Mentalism vs Mental Magic and where to start

Discussion in 'Magic Forum' started by Maaz Hasan, Jan 1, 2018.

  1. If you get those reactions with a regular deck, imagine the reactions with a Tarot deck or even with palmistry. One caution, you need to know what you are talking about with those because you WILL meet a spectator who knows the underlying "science" or "lore" for lack of a better term.
     
  2. A couple thoughts come to mind.

    First, it's not uncommon for someone who creates mental material to create a version of the material specifically geared towards magicians, in order to sell more copies. It's my estimation that very little of what's in the magic market is actually used by "real" mentalists. Which is because "real" mentalism isn't flashy or appealing to magicians. One could, if they focused on certain skills, do an entire evening show of genuine skills in mentalism, no deception at all. Magicians would hate it, but the right audience would love it. I posed this idea on the cafe and the response was amusing, to say the least.

    Second, once one understands the "rules" behind the idea of mentalism and magic, one can effectively break those rules. This is a big part of why I constantly emphasize that the major difference between mentalism and magic is the theatrical approach/motivation behind them.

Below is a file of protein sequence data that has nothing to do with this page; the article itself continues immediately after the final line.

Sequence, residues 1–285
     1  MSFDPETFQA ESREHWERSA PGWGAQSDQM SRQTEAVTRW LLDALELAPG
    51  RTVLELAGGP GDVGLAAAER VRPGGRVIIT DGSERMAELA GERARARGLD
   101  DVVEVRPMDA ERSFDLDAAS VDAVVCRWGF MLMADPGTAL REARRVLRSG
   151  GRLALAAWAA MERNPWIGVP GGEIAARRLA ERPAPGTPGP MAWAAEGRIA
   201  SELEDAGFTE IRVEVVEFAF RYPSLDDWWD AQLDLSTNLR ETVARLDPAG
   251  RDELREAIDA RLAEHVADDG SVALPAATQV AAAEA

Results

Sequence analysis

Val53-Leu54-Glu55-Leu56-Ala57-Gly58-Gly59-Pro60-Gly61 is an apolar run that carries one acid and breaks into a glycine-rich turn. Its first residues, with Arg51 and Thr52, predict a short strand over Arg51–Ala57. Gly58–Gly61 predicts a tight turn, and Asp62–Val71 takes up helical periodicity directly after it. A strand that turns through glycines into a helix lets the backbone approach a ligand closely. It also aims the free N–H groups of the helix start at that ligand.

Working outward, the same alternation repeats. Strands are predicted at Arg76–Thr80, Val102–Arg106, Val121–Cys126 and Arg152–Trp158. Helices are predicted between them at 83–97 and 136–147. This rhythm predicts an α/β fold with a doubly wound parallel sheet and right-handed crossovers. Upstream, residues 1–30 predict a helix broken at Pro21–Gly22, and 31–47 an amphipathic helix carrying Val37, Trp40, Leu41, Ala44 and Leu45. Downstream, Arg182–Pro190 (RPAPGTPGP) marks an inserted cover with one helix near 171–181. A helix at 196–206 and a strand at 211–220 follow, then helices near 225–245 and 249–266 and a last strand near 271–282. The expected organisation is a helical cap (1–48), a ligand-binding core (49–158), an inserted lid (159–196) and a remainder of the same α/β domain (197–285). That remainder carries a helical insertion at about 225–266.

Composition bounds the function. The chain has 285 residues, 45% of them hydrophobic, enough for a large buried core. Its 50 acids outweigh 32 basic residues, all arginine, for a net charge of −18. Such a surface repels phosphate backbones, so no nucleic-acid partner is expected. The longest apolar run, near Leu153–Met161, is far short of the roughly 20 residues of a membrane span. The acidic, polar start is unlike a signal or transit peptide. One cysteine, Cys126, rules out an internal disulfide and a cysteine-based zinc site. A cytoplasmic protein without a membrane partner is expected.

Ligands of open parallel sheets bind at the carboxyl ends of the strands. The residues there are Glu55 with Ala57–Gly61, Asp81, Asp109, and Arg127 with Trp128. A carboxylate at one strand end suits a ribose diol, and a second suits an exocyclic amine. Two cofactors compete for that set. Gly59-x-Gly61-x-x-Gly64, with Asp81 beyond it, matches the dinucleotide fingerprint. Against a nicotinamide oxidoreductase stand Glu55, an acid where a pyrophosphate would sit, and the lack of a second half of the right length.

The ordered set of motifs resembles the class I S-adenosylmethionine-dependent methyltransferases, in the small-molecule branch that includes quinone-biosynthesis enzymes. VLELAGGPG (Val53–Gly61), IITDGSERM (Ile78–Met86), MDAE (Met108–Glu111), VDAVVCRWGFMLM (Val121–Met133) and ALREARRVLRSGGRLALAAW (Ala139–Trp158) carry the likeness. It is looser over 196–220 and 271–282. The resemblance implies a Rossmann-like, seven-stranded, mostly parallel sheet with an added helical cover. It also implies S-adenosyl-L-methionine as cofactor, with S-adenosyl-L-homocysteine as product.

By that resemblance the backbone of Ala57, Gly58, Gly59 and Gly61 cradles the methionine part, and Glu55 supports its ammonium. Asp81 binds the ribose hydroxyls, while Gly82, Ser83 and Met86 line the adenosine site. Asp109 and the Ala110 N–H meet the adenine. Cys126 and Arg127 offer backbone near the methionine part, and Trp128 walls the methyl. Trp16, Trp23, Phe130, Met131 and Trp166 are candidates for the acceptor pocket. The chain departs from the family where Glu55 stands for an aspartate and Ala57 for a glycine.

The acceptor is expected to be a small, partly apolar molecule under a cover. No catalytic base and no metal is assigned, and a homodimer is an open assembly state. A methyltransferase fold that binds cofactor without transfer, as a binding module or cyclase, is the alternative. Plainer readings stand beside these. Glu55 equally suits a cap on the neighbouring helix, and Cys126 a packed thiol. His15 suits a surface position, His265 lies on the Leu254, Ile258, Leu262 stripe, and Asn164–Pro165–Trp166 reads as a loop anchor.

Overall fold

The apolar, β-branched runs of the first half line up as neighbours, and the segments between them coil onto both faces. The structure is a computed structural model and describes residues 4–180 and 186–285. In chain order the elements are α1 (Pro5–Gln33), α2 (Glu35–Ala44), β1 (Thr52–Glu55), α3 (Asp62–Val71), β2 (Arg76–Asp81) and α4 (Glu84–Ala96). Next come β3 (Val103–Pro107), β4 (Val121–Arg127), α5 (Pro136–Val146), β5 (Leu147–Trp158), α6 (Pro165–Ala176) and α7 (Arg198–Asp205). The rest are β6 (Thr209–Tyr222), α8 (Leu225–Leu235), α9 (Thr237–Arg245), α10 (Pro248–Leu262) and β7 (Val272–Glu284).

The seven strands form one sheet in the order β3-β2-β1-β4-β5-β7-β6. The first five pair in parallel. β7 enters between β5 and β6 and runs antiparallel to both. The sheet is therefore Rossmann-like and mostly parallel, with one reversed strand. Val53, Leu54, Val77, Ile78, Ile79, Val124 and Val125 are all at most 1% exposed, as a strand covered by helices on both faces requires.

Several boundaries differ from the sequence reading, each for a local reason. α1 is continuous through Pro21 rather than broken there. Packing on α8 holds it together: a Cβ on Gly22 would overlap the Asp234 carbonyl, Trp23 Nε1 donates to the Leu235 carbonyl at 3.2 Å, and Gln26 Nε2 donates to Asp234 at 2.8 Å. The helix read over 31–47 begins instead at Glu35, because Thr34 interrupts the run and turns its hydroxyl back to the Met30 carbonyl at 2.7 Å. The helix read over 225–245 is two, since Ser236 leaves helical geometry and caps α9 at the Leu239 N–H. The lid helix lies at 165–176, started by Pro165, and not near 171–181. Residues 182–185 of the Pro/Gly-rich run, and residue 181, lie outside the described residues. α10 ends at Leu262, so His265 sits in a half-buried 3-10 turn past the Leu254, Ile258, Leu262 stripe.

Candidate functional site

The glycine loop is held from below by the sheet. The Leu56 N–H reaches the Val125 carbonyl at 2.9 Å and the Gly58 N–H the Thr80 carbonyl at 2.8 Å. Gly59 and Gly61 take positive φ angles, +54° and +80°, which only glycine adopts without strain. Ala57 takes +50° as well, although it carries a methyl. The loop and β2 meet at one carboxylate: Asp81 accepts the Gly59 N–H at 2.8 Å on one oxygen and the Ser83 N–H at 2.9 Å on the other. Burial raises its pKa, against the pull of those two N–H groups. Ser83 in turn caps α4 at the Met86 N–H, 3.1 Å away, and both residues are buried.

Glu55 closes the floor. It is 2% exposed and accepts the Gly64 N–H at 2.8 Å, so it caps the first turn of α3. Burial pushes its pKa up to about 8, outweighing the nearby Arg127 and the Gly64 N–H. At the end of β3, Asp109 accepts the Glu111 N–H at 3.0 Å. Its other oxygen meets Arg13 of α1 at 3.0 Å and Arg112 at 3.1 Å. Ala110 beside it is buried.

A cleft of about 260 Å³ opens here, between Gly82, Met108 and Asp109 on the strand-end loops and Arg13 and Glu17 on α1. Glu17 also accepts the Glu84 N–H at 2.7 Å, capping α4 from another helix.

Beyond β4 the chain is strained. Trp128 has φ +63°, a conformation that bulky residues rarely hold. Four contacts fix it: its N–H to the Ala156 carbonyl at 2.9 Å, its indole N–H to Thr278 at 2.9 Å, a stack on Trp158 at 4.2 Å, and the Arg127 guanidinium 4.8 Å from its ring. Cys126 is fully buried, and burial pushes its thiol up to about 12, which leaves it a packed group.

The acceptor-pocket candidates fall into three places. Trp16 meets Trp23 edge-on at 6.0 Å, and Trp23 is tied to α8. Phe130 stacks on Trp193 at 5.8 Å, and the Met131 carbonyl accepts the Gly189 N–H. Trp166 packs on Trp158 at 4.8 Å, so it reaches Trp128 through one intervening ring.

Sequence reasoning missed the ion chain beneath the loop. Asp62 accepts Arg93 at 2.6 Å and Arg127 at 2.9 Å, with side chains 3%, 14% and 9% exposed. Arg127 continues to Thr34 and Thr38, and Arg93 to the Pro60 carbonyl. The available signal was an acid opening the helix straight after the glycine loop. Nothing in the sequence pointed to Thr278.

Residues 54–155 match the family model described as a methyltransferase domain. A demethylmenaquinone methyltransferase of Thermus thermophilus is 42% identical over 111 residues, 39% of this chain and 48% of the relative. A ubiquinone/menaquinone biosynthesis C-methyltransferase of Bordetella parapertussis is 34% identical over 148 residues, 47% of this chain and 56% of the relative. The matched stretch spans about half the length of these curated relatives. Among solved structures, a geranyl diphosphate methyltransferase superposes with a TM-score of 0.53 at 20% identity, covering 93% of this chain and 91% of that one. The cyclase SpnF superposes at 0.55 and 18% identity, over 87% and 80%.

A mentalist can have "magic" effects in his show and still be considered a mentalist - because the overall theatrical approach is different. Just like a magician can focus entirely on mental effects if he likes, and still come across as a magician, if he has the theatrical approach of a magician.

    The specific material is important, but it's not the defining characteristic between mental magic and mentalism.

    A lot of what Derren Brown does is classic magic. But even many laymen call him a mentalist (if they are familiar with that term) or mind reader. That's due to his character and his theatrical approach to performance.

    Somewhat unrelated: Playing cards have been used for fortune telling longer than Tarot cards. The tarot cards just have more of a "universally known" history of it. When I was doing Tarot readings some years ago, I actually had a guy tell me about how his family taught him to read playing cards. I can't recall what the relation was, aunt or grandma or mother or what, but it was an interesting system involving a yes/no question, and the suit of the card and value determining how close to an absolute answer it was. It was a really fascinating system and I wish I could remember it all more clearly. Also the dude was this big Hispanic biker looking guy. NOT the type of person you'd expect to be reading fortunes (unless you're familiar with brujos I guess).
     

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